The year 2020 ends with a special heavenly event as two of the largest planets in our solar system, Jupiter and Saturn, will come together on Monday.
The special thing about this event is that it takes place after 367 years. It was last observed in 1623 and will happen again in 2080. On Monday, these two slow moving planets will be 0.1 degrees apart.
The US space agency NASA says the timing of conjunction is such that everyone can see it.
What is a great conjunction?
Jupiter and Saturn are two slow moving planets. When Jupiter, orbiting the Sun every 12 years, overtakes the even slower moving Saturn, their visual convergence is called a great conjunction. Although this happens every 20 years, the pairing sometimes appears too close to the sun to be seen.
As seen in India
The two planets appear so close that a little finger at arm’s length easily covers both of them in the sky. In India, they will be visible in the southwestern sky around an hour after sunset between 6:30 p.m. and 7:30 p.m.
If someone observes it through a telescope, Jupiter’s four moons can also be seen.
The state-run Jawaharlal Nehru Planetarium in the city center has made arrangements to observe the heavenly conjunction of the Jupiter and Saturn planets between 6:30 p.m. and 7:30 p.m. on Monday, an official said on Sunday.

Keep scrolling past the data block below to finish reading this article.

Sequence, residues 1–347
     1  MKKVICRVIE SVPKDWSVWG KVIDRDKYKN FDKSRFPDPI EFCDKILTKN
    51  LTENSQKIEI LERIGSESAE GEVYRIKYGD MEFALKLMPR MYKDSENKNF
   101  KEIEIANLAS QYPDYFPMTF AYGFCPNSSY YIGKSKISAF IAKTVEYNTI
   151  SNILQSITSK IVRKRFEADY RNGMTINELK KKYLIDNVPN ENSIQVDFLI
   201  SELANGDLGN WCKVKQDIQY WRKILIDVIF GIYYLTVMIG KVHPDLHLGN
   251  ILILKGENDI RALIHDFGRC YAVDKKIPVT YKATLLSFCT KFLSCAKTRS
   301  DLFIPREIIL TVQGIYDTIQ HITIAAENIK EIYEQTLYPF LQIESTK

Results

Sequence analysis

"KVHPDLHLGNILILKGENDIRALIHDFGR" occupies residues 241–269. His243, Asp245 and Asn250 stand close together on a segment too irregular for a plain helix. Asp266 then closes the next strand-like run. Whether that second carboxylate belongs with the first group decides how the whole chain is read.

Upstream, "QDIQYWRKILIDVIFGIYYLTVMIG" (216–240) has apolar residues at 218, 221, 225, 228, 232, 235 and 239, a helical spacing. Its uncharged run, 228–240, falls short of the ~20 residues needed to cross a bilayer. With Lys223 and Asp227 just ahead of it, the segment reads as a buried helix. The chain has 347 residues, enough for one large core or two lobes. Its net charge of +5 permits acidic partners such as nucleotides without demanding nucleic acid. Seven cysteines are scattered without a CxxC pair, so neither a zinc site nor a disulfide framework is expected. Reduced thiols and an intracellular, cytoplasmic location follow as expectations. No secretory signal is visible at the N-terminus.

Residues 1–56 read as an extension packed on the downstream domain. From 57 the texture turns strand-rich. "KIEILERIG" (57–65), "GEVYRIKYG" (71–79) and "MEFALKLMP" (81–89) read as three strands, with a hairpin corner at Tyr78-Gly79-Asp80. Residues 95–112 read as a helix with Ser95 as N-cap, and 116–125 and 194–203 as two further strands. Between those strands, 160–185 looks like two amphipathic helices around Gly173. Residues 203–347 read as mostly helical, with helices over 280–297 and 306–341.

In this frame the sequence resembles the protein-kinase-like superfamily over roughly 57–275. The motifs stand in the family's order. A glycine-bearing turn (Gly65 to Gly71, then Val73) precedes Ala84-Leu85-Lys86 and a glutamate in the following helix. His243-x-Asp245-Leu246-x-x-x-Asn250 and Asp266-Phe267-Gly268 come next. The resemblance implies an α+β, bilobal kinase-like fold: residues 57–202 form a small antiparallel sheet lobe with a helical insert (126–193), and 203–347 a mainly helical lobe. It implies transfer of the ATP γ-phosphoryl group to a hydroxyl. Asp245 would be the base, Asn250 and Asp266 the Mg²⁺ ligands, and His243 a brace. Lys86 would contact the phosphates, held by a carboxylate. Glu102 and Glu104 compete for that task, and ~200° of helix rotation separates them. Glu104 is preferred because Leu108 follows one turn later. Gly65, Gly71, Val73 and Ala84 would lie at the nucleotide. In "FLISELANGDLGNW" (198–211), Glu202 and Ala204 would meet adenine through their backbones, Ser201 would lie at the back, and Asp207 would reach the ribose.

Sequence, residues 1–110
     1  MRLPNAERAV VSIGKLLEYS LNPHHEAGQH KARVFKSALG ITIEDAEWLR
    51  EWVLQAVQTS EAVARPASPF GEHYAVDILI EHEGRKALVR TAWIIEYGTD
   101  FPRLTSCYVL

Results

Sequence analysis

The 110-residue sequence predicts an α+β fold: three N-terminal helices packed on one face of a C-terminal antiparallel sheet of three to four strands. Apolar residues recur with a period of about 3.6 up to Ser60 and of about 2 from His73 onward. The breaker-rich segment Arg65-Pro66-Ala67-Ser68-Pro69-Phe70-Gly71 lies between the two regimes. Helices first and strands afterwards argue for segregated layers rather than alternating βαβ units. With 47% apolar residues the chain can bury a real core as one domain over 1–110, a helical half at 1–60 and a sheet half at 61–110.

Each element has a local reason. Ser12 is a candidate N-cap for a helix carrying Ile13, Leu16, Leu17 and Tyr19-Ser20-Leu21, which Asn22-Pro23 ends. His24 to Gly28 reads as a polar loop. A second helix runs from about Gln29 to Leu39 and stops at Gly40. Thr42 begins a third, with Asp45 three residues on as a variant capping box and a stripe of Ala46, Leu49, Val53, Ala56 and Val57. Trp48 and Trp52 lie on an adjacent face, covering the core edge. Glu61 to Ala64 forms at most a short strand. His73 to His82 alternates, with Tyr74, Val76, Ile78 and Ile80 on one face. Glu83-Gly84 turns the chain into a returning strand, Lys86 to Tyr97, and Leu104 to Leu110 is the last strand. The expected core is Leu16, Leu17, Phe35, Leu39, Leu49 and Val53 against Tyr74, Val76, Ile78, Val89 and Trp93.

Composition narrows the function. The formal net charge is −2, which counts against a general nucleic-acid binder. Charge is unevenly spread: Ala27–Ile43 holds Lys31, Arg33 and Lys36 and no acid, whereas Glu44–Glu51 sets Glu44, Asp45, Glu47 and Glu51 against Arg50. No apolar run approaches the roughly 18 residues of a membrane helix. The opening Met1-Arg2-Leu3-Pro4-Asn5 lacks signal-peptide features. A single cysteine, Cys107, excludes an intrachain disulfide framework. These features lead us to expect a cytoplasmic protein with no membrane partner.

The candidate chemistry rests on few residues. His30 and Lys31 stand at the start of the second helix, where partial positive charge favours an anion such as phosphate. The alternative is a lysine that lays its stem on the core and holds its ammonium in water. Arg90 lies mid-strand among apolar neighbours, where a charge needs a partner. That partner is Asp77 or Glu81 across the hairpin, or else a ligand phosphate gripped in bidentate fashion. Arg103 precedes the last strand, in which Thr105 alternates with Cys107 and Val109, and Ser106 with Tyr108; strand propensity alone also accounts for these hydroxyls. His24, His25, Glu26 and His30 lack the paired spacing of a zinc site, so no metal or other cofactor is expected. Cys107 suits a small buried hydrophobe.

“We have set up telescopes on our premises to observe the conjunction of Jupiter and Saturn on Monday evening, if weather conditions permit,” the planetarium official said in a statement here.
Due to the COVID-induced restrictions on people gathering in large numbers in public places, those who register online to watch the heavenly event will be allowed to visit the planetarium in groups of limited numbers in order to enjoy the social Maintain distance.
“Those who cannot follow the event in the planetarium due to congestion restrictions can see the connection of the two stars online on our website (www.taralaya.org) or on the Facebook and Youtube channels,” the statement said.
As the fifth planet of the sun, Jupiter is the largest in the solar system, as a gas giant with a mass of one thousandth of the sun.
“As the sixth planet in the Sun and the second largest in the solar system, Saturn is a gas giant with an average radius nine times that of Earth,” added the official.
The conjunction also coincides with the longest day (December 21st) of the year as the sun reaches a point where it appears farthest south of the equator over the Tropic of Capricorn, marking the start of the winter solstice.